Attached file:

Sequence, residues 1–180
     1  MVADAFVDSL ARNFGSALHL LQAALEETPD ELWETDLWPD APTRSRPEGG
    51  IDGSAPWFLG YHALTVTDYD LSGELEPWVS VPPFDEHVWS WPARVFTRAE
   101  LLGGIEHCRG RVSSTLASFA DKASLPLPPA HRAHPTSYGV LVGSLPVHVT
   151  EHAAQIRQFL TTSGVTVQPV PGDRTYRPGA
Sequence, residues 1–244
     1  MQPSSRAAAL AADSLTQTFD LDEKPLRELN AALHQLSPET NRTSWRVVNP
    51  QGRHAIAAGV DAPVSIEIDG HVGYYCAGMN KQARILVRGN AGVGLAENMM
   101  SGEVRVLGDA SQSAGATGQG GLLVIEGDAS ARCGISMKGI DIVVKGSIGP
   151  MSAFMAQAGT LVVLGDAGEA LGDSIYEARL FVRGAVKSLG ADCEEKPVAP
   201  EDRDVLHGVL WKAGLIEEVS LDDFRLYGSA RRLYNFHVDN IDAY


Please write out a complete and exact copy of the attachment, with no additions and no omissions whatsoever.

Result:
Sequence, residues 1–180
     1  MVADAFVDSL ARNFGSALHL LQAALEETPD ELWETDLWPD APTRSRPEGG
    51  IDGSAPWFLG YHALTVTDYD LSGELEPWVS VPPFDEHVWS WPARVFTRAE
   101  LLGGIEHCRG RVSSTLASFA DKASLPLPPA HRAHPTSYGV LVGSLPVHVT
   151  EHAAQIRQFL TTSGVTVQPV PGDRTYRPGA
Sequence, residues 1–244
     1  MQPSSRAAAL AADSLTQTFD LDEKPLRELN AALHQLSPET NRTSWRVVNP
    51  QGRHAIAAGV DAPVSIEIDG HVGYYCAGMN KQARILVRGN AGVGLAENMM
   101  SGEVRVLGDA SQSAGATGQG GLLVIEGDAS ARCGISMKGI DIVVKGSIGP
   151  MSAFMAQAGT LVVLGDAGEA LGDSIYEARL FVRGAVKSLG ADCEEKPVAP
   201  EDRDVLHGVL WKAGLIEEVS LDDFRLYGSA RRLYNFHVDN IDAY